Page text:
Philippine Pavilion honors Mt. Banahaw’s influence on the Filipino cultural landscape

Monday, April 22, 2024

The Philippine Pavilion held its vernissage today at the 60th International Art Exhibition - La Biennale di Venezia and will open its doors to the public on April 20, 2024, at the Artiglierie, Arsenale, Venice, Italy, with the theme “Sa kabila ng tabing lamang sa panahong ito / Waiting just behind the curtain of this age.”

Senate President Pro Tempore Loren Legarda, the visionary behind the Philippines’ participation in the Venice Biennale, led the vernissage together with Carlos Quijon Jr, the curator; artist Mark Salvatus; Chairman Victorino Manalo of the National Commission for Culture and the Arts and Commissioner of the Philippine Pavilion; Consul General Elmer Cato of the Philippine Consulate General in Milan, Italy; and Ambassador Neal Imperial of the Philippine Embassy in Rome, Italy.

In her opening remarks during the vernissage, Legarda underscored that the exhibition explores the cultural and spiritual significance of Mount Banahaw—a protected natural and sacred site in the Philippines, in shaping Filipino consciousness and cultural landscape as it delves into the intricate relationship between mysticism and modernity, exploring the themes of tradition, faith, and resilience.

Enshrined by Republic Act 9847 as a Protected Area in 2009, Mount Banahaw stands as a sanctuary for both nature and culture, nurturing diverse ecosystems and serving as a beacon for spiritual seekers and pilgrims alike. Its slopes bear witness to the ebb and flow of history, as religious and political movements have found sanctuary amidst its peaks and verdant valleys,” Legarda said.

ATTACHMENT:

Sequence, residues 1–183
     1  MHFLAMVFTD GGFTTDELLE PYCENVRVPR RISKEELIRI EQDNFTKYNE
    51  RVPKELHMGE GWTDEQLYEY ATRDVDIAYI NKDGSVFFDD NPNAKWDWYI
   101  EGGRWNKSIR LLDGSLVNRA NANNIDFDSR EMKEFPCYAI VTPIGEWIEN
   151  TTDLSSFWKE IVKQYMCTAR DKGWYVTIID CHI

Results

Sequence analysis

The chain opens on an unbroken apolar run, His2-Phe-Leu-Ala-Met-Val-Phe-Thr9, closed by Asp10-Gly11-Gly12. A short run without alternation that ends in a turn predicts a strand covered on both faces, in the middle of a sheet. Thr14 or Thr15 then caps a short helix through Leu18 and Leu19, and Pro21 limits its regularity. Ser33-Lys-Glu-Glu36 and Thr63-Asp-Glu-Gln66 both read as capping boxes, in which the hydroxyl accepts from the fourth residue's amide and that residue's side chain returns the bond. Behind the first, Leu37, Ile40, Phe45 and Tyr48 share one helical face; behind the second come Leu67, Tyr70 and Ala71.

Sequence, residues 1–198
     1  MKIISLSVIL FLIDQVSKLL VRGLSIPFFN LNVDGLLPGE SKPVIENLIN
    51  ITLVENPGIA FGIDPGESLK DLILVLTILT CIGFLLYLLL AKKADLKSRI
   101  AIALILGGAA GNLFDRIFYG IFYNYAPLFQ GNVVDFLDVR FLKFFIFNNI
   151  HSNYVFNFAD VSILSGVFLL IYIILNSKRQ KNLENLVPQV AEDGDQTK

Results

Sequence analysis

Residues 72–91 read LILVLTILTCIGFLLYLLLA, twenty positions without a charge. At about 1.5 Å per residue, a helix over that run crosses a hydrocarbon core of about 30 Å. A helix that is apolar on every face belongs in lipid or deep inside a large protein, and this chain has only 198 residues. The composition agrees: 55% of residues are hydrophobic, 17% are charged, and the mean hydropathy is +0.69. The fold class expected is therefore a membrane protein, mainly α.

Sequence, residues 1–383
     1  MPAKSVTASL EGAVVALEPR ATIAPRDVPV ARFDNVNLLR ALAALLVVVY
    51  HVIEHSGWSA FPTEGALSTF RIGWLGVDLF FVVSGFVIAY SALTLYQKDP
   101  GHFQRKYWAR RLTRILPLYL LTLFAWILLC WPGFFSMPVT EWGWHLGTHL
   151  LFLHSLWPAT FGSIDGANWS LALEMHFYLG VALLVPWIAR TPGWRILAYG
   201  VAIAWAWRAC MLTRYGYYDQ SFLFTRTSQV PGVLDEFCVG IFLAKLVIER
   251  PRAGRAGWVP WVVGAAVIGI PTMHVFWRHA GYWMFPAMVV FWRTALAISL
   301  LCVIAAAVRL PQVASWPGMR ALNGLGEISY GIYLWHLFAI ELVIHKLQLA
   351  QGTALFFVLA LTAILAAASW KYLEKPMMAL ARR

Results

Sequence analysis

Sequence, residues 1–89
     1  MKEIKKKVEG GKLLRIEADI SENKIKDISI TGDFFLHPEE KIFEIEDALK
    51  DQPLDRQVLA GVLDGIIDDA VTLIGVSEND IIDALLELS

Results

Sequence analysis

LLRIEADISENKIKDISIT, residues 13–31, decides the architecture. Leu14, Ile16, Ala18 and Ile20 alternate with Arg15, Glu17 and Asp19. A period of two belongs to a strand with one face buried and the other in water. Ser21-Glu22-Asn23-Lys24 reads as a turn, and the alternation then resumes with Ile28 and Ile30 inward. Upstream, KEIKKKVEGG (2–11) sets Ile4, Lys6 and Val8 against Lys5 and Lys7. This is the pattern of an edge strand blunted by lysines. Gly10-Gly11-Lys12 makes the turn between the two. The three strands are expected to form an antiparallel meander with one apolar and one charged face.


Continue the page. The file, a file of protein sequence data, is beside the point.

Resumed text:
As we unveil the Philippine Pavilion at the 60th International Art Exhibition at la Biennale di Venezia, we pay homage to the enduring legacy of Mount Banahaw and its profound influence on the Filipino cultural landscape,” Legarda added.

The four-term Senator, recognized as the Dangal ng Haraya awardee – Patron of Arts and Culture, emphasized how Salvatus's evocative artwork and Quijon's perceptive curation encourage us to explore the intricate relationship between nature, spirituality, and art. She urged everyone to ponder on the artworks, reflect on our interconnectedness with nature, and celebrate Mount Banahaw’s enduring spirit and the boundless creativity of the Filipino people.

As we marvel at the pulchritude and complexity of the artworks on display, let us also reflect on the broader implications of our interconnectedness with the natural world. Mount Banahaw reminds us that we are not mere spectators but we are also active participants in the web of life, entrusted with the stewardship of our planet and the preservation of its sacred landscapes,” Legarda said.

Art reflects who we are as a people. Art reflects our soul. Culture is the string, the element that binds us as a nation. No matter how diverse and divided we are,” Legarda concluded.

Aside from the exhibition in the Philippine Pavilion, Legarda proudly invites visitors to visit the main exhibition, "Stranieri Ovunque - Foreigners Everywhere," curated by Adriano Pedrosa and featuring the works of five Filipino artists: Pacita Abad, Anita Magsaysay-Ho, Nena Saguil, Joshua Serafin, and Maria Taniguchi.

The Philippine Pavilion, a joint project of the National Commission for Culture and the Arts (NCCA), the Department of Foreign Affairs (DFA), and the Office of Senate President Pro Tempore Loren Legarda, is open to the public from April 20 to November 24, 2024 at the Artiglierie, Arsenale, Venice, Italy. 

You Might Also Like